By: Wayne Heilman
March 2, 2018
Pikes Peak Habitat for Humanity’s ReStore outlet was honored Friday as the top social impact business in Colorado Springs by the Colorado Institute for Social Impact.
The outlet at 411 S. Wahsatch Ave. sells donated scrap or unneeded construction materials to consumers to keep items out of local landfills and generate support for Habitat. The organization helps low- to mid-income families afford homes by using volunteer – and their own – labor to build the houses. To qualify for the award, the social impact business must generate at least 60 percent of its revenue from selling goods and services and use some, or all, of the profits to support a social or charitable purpose. ReStore was a finalist for the award last year.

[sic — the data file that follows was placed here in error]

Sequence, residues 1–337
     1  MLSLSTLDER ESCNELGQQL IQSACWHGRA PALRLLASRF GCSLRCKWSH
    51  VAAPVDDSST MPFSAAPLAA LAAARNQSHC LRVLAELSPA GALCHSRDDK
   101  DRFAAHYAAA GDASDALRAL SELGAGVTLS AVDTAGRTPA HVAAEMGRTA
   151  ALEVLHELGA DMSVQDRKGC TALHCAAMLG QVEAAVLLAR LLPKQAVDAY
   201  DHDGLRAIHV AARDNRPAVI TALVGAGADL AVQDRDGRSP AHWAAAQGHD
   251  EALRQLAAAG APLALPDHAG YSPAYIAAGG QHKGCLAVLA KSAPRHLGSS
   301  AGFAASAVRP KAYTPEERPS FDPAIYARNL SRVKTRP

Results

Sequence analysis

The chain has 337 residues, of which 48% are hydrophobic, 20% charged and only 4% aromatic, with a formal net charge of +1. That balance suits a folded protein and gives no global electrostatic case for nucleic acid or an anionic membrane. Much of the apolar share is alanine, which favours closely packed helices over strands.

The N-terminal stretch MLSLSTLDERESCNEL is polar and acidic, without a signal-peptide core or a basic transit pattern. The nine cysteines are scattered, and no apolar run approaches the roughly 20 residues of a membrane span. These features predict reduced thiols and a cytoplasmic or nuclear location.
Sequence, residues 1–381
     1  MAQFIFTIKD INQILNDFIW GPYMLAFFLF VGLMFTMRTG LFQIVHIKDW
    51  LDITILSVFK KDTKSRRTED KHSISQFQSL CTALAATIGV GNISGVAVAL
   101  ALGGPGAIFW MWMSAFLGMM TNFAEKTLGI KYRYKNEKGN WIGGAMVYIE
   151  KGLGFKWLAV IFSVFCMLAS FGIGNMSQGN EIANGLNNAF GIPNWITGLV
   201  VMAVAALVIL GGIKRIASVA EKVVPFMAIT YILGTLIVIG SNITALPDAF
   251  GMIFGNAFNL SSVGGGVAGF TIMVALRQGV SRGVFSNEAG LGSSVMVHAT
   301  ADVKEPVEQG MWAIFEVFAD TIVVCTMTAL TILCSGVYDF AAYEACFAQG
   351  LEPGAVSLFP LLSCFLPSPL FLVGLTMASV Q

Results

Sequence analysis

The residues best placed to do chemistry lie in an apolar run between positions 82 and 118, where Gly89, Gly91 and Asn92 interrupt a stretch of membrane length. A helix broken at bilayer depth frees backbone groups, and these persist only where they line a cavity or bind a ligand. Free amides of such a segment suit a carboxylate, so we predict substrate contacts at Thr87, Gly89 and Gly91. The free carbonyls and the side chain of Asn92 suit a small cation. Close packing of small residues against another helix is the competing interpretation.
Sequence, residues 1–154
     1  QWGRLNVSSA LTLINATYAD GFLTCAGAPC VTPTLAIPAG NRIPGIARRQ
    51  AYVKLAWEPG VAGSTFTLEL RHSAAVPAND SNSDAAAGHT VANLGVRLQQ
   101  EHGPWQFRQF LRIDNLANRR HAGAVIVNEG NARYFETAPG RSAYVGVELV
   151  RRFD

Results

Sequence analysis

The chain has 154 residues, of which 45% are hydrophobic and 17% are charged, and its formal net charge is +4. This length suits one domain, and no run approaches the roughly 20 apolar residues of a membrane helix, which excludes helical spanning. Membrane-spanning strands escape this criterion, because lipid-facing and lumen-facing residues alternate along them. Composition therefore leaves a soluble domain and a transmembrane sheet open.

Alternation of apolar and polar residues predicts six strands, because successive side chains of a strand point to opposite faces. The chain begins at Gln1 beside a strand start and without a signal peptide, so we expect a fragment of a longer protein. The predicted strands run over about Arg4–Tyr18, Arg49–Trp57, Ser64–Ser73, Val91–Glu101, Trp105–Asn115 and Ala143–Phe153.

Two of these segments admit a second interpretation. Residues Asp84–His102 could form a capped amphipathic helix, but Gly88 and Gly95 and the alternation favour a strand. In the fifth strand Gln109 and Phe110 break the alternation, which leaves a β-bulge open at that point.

The award was one of three presented Friday by the institute during a program at the Briarhurst Manor in Manitou Springs. Judges for the awards included Jonathan Liebert of the institute and Better Business Bureau of Southern Colorado, Thayer Tutt of El Pomar Foundation, Ted Mossman of Colorado Business Bank, George Reed of the University of Colorado at Colorado Springs, Lisanne McNew of McNew & Associates, Aikta Marcoulier of the Pikes Peak Small Business Development Center and Jacob Eichengreen of the Quad Innovation Partnership.
The Pedal Station, which opened in 2016, was named Social Impact Startup of the Year after being a finalist for the same award last year. The startup sells used bicycles and new and used bicycle parts to support Kids on Bikes, a nonprofit that makes free bicycles available for low-income children.
Lindsey Litton, co-founder of the MilHousing Network, which helps military families find real estate agents for buying and selling their homes when they are sent to a new installation, was named Social Entrepreneur of the Year.
The awards were sponsored by Vectra Bank and 13 other local businesses and nonprofits.